The use of plasma surface modification technology in photovoltaic cell manufacturing has heretofore been used primarily in applications such as the deposition of amorphous hydrogenated silicon nitride (SiN) layers in a vacuum plasma-enhanced chemical vapor deposition (PECVD) process to create anti-reflection and surface (and bulk) passivation on thin-film solar cells, or the use of vacuum plasma etching in barrel-type reactors to perform edge isolation in some remaining fabrication processes. As photovoltaic cell manufacturing processes evolve, and with the added pressures of increasing hazardous chemical waste disposal costs, there has been interest in atmospheric plasma systems as efficient dry etching, surface cleaning and adhesion promotion process tools. This paper examines these systems and details etching, cleaning and bonding trial data confirming system efficacies.
The use of plasmas in the fabrication of photovoltaic cells is highly dependent upon the materials employed and the processing cycle requirement. For example, vacuum plasmas are not suitable for use in solar cell processing when high throughput on a continuous basis is required. Vacuum plasma chambers built for SiNx deposition are typically batch process related, but are also designed to work in a semi -continuous mode through the intermittent exchange of treatment materials within the vacuum chamber after the treatment is completed and one atmospheric pressure is returned. However, this process is still not economical for high throughput plasma surface etching, cleaning and functionalization.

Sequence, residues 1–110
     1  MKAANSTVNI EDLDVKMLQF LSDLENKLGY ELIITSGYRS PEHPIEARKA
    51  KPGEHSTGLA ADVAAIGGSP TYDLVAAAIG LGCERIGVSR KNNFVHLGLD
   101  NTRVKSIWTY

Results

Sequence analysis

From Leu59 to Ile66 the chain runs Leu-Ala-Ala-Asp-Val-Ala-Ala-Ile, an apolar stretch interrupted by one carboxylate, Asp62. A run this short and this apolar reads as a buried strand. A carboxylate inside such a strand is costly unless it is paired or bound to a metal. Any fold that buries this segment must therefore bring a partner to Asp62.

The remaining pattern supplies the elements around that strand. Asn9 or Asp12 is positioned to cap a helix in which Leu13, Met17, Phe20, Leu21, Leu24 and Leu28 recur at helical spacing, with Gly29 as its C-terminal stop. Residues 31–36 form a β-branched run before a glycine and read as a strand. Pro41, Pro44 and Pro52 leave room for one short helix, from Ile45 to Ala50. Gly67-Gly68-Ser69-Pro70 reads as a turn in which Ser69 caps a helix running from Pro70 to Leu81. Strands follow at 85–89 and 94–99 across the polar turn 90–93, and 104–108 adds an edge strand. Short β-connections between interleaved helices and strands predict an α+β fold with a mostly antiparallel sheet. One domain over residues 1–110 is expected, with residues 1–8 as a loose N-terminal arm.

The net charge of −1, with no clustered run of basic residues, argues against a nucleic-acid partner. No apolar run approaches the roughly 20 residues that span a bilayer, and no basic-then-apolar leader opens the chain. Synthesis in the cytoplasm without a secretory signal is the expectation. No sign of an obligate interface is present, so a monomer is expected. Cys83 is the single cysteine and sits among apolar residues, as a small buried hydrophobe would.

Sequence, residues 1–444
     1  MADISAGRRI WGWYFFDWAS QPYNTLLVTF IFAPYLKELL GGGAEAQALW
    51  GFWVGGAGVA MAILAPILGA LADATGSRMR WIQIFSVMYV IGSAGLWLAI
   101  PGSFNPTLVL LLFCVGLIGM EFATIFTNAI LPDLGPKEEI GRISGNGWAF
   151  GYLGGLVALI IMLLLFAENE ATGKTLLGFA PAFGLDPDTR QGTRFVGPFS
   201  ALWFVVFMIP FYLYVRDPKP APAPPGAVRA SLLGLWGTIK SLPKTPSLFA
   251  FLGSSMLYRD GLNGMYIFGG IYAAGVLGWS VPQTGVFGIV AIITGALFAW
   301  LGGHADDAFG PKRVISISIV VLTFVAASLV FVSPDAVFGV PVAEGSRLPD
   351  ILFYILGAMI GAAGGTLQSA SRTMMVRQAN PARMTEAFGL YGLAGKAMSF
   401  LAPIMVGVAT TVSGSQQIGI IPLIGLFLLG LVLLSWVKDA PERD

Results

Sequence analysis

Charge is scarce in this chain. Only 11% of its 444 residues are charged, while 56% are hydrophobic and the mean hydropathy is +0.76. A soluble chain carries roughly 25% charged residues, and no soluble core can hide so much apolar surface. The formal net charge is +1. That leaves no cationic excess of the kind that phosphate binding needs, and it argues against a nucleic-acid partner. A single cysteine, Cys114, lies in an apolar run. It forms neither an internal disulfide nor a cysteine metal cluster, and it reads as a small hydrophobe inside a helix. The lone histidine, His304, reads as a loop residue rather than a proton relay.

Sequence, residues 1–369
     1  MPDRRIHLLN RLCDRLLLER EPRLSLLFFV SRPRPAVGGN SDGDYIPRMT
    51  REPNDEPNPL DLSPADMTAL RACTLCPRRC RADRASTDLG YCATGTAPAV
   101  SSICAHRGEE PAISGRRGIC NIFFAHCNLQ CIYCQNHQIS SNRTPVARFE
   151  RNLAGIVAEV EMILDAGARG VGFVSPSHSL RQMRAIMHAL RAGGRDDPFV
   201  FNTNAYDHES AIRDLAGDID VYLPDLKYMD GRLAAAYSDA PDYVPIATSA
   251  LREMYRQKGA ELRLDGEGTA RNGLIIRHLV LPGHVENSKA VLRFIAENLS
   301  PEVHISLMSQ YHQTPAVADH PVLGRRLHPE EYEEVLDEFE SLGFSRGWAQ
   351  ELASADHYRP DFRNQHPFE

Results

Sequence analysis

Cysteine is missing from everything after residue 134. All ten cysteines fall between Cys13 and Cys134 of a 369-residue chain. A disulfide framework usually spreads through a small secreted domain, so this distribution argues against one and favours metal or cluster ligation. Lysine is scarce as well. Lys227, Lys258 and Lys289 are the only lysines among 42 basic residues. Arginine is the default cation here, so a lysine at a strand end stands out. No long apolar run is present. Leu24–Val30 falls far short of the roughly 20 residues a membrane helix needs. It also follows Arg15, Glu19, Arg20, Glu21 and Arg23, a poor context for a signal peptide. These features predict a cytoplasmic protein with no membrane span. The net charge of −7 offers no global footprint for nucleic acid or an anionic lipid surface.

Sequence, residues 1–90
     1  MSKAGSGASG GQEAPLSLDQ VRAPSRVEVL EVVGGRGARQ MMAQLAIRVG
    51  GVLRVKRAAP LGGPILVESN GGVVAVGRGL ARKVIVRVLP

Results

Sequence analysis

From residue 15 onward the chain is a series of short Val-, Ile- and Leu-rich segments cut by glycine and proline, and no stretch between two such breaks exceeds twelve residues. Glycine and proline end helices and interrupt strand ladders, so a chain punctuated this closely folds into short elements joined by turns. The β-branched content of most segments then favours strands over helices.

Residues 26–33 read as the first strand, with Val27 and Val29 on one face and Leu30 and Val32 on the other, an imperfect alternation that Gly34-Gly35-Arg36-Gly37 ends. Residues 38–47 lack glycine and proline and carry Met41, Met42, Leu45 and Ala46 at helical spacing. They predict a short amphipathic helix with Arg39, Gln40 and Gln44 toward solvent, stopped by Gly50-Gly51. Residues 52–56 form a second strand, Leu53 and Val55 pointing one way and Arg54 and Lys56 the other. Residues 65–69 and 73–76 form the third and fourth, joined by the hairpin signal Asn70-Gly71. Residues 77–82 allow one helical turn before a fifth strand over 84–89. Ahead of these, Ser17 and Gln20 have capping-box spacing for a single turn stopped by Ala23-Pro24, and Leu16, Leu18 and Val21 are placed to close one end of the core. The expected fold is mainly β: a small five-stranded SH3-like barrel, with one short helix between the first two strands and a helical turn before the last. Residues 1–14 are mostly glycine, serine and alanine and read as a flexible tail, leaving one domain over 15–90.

Considering the wide range of materials employed to maximize solar efficiencies, the ability to integrate the completely continuous in-line manufacturing of rigid panel and flexible solar cells by utilizing a variable chemistry surface modification technique relative to complex material constructions holds the prospect of significantly reducing manufacturing costs.
Atmospheric pressure gas phase plasma technology is highly effective at treating: Aluminum, Copper, Stainless Steel, EVA Film, ITO Film, PEN Film, PET Film, Polyimide Film, and Glass.
Plasma3™ will therefore become essential for future in-line manufacturing of solar cells if major reductions in fabrication costs are to be achieved.
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